a scene of a person who has lost all their money from gambling on horse racing in late 19th to early 20th century Australia.

Hard Luck by Banjo Paterson

The House Always Wins

The short narrative poem ‘Hard Luck’, Paterson utilizes a tragicomic tone to explore themes of misfortune and self-destruction through the experience of a down-on-his-luck betting tout.

We are immediately drawn into the tout’s woeful tale as he recounts how a streak of successfully picking winners earns him a small stake to wager himself. Despite his dire poverty, he risks it all, only to lose everything on an unsuccessful bet.

Paterson economically yet evocatively depicts the tout’s desperation through details like going days without eating. The tout’s fervent optimism in betting his last coin underscores a compulsion that seals his doom.

The vivid imagery of the bustling spectators heading home as darkness falls emphasizes the tout’s isolation and desolation. His rueful warning functions as a melancholy moral about the capriciousness of both luck and human nature.

Paterson concludes with ominous ambiguity, implying the ruined tout takes his own life by the empty boilers near the docks. The tragic outcome highlights society’s indifference to the impoverished man’s suffering.

With compassionate lyricism, the poem provides social commentary by connecting an individual’s misfortune to systemic inequity and the human tendency to abandon the weakest.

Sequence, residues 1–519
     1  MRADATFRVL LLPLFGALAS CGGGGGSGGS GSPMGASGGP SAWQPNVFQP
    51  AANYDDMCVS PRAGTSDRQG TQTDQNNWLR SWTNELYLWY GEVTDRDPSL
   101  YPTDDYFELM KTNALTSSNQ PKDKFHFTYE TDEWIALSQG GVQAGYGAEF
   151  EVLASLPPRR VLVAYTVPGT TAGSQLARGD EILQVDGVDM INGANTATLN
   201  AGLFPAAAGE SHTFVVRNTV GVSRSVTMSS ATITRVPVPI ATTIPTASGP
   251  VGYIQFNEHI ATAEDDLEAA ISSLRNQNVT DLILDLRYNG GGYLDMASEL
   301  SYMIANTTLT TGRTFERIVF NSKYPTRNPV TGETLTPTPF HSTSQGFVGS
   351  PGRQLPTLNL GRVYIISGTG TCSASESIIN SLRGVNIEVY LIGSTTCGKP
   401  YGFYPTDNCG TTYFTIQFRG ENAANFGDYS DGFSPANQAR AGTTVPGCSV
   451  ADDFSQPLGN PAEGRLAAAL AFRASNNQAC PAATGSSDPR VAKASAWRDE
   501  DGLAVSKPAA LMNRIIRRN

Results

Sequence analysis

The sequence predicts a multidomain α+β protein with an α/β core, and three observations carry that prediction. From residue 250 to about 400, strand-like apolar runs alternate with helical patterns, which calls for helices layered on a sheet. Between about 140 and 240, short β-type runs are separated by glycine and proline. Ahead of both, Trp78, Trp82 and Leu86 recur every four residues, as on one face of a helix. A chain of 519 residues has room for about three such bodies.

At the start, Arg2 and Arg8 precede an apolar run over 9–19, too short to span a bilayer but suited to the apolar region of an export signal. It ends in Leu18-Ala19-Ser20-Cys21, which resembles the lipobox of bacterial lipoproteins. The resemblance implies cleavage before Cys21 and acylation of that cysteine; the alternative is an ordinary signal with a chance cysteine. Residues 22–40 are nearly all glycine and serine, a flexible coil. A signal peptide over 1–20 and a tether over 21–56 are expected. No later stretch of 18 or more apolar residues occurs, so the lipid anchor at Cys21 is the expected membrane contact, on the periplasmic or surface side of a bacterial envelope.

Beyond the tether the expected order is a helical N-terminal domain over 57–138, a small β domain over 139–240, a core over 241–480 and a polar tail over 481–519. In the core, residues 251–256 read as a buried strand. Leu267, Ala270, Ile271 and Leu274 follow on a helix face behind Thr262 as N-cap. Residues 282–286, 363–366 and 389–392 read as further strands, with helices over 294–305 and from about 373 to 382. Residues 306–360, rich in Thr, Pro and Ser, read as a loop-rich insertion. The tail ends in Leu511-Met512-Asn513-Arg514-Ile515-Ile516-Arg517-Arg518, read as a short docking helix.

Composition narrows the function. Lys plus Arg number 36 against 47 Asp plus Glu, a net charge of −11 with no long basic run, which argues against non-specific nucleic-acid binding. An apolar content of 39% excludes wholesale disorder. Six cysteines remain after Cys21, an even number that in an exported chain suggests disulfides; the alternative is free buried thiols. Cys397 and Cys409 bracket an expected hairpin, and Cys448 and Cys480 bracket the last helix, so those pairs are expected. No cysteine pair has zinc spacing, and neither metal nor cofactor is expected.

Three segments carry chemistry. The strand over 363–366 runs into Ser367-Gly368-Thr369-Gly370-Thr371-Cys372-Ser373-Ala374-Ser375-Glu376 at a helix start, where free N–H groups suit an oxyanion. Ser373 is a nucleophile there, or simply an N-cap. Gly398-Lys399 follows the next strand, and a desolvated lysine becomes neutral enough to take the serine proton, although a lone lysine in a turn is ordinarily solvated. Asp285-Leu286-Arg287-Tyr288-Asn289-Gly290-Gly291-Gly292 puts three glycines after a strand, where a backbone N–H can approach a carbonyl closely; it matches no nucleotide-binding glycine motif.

Hard Luck

I left the course, and by my side
There walked a ruined tout—
A hungry creature, evil-eyed,
Who poured this story out.

“You see,” he said, “there came a swell
To Kensington today,
And, if I picked the winners well,
A crown at least he’d pay.

“I picked three winners straight, I did;
I filled his purse with pelf,
And then he gave me half-a-quid
To back one for myself.

“A half-a-quid to me he cast—
I wanted it indeed;
So help me Bob, for two days past
I haven’t had a feed.

“But still I thought my luck was in,
I couldn’t go astray—
I put it all on Little Min,
And lost it straightaway.

“I haven’t got a bite or bed,
I’m absolutely stuck;
So keep this lesson in your head:
Don’t over-trust your luck!”

The folks went homeward, near and far,
The tout, oh! where was he?
Ask where the empty boilers are
Beside the Circular Quay.

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